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An American Family History

Henry Oxley

 
Oxley is also spelled Owsley, Oxleigh and Oxly.
 
Loudoun County is part of Northern Neck of Virginia. Settling of the Loudoun area began between 1725 and 1730. Settlers came from Pennsylvania, New Jersey and Maryland.

A yeoman was a man who owned and cultivated a small farm. He belonged to the class below the gentry or land owners. A husbandman was a free tenant farmer. The social status of a husbandman was below that of a yeoman.

Henry Oxley was born on May 11, 1699 in Chesterfield, Burlington County, New Jersey. His father may have been Henry Oxley. It is impossible to tell from early records which Henry Oxley in New Jersey did what.

He married Mary Everett in 1722 in Hunterdon County, New Jersey. Their children and life together are described in detail in the section on Henry Oxley and Mary Everett.

In 1727 he inventoried Nicholas Everett's estate.

On June 3, 1732 his bond (or possibly his father's) was included in the inventory of the estate of Daniel Howell.

In 1736 Henry Oxley recorded a stray steer. In 1748 he recorded a stray black mare. Also in 1748 he was a witness to Benjamin Still's estate inventory.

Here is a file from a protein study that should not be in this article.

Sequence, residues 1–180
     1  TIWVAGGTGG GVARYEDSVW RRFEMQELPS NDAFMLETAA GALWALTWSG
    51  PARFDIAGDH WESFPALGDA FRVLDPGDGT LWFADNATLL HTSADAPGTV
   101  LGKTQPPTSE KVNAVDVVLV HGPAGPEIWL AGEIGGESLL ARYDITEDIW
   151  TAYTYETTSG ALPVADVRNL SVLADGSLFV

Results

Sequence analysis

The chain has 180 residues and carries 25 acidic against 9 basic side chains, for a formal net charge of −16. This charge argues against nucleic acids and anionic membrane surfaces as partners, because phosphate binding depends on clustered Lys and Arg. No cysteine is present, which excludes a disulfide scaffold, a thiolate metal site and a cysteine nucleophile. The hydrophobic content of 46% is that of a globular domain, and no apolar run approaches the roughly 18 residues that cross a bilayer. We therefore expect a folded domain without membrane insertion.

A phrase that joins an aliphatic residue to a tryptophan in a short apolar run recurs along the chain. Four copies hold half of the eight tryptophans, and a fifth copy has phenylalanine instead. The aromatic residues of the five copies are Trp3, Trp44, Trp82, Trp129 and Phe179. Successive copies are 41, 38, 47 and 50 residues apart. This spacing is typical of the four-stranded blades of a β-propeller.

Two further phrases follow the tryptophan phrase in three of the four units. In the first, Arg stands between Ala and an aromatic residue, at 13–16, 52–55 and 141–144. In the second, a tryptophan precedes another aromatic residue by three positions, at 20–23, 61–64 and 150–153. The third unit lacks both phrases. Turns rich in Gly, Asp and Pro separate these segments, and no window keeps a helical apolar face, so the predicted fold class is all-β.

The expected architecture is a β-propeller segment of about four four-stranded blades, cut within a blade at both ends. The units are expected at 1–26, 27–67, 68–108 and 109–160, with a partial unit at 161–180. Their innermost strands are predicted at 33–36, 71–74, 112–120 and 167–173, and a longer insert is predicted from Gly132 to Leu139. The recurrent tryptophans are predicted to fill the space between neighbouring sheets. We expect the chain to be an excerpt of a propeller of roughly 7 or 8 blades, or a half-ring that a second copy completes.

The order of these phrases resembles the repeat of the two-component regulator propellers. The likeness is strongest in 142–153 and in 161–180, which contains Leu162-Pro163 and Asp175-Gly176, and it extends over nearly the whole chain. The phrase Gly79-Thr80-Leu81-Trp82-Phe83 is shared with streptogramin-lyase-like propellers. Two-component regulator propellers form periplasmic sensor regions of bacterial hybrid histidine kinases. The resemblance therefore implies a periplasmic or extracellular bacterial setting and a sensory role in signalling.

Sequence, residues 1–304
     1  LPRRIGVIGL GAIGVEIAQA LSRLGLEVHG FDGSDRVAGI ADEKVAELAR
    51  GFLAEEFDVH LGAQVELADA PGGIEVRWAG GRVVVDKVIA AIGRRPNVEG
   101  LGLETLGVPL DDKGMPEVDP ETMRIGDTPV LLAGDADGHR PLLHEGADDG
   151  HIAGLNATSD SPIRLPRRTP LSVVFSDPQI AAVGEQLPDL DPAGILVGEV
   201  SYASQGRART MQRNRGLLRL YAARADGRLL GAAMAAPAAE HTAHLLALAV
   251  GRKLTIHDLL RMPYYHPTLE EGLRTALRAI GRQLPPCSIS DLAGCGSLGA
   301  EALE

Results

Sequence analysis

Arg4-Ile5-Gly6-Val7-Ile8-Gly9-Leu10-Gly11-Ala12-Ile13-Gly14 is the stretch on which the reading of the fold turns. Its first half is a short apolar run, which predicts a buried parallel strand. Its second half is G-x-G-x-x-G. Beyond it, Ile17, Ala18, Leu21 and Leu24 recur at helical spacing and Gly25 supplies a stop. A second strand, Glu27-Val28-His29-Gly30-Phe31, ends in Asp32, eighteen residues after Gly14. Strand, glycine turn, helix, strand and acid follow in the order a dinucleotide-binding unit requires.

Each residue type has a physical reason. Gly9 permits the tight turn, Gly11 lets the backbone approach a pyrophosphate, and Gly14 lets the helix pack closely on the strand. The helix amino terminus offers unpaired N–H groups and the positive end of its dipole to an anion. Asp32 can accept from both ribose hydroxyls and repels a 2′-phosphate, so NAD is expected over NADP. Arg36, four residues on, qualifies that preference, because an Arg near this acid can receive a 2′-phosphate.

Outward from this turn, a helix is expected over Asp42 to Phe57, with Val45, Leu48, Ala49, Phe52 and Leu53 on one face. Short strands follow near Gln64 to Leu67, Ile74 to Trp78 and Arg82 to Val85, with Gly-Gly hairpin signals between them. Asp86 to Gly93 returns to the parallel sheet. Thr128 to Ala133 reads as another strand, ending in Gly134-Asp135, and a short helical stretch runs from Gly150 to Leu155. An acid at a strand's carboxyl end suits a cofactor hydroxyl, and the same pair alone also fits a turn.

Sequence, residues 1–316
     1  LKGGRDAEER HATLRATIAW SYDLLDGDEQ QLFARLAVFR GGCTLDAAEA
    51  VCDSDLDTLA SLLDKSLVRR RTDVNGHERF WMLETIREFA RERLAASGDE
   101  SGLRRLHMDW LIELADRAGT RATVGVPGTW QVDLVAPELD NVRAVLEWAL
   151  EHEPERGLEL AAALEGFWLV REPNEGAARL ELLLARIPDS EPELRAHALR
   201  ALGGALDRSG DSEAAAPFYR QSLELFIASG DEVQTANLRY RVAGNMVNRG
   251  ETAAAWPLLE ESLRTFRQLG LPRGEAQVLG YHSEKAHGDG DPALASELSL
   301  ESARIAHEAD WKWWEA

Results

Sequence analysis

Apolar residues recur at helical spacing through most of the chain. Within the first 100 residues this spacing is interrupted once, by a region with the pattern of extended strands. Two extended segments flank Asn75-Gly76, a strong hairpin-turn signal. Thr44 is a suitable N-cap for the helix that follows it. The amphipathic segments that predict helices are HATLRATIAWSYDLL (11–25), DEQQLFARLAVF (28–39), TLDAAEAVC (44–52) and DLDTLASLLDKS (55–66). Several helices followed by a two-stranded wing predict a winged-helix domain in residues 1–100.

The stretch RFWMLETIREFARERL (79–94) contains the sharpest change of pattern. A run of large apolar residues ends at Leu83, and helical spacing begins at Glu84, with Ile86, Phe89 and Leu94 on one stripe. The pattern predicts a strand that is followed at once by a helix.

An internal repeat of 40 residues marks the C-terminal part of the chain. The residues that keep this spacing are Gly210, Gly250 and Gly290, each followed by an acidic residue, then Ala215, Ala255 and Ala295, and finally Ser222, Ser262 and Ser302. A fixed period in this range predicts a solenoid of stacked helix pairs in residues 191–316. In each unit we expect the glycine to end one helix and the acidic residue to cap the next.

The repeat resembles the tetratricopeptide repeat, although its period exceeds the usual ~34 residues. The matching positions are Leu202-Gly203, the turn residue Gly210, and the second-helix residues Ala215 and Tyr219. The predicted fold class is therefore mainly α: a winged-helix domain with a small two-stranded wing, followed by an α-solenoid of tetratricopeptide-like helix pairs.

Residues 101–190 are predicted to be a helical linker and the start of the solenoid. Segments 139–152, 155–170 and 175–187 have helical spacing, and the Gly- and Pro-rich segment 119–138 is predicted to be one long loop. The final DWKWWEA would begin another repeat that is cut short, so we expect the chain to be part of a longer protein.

In 1749 he was the administrator of his sister-in-law, Hannah Van Gelder's estate. He was called yeoman.

In 1756 he recorded three sheep, two rams and an ewe.

On September 14, 1762, Henry Oxley bought 1,200 acres from John Hough for 200£. This transaction was a "lease & release" where the land was leased for one year for one peppercorn and the second year was sold for the full 200£.

In 1763, Henry testified for Giles Stephens in a fraud case in Loudoun County.

In 1776, Henry Oxley appeared on the list of communicants of the Ketocin Baptist Church.

He died on March 17, 1777 in Loudoun County, Virginia. He was buried on his lands in Loudoun County which was later owned by the Dyer Gum family. The cemetery is on Route 15 near Leesburg, Virginia.It was described in an article was published in the Loudoun Times, on October 14, 1920.

In a clump of brush and surrounded by a few trees there is an old graveyard near Lucketts on the western part of the farm now owned by Mr. Dyer Gum. The graveyard is perhaps one of the oldest in this county judging by the inscriptions on the few remaining tombstones, which were made out of branch rock slabs and rudely carved.

Oxley Stone
Henry Oxley's Tombstone

This burying spot was the graveyard of the Oxley family a family now extinct in this County so far as we can far as we can learn, for on the remaining stones we find these inscriptions:

Henry Oxley. Born 1699, Died 1777
Catherine Oxley, Born Sept. 14, 1743, Died July-1780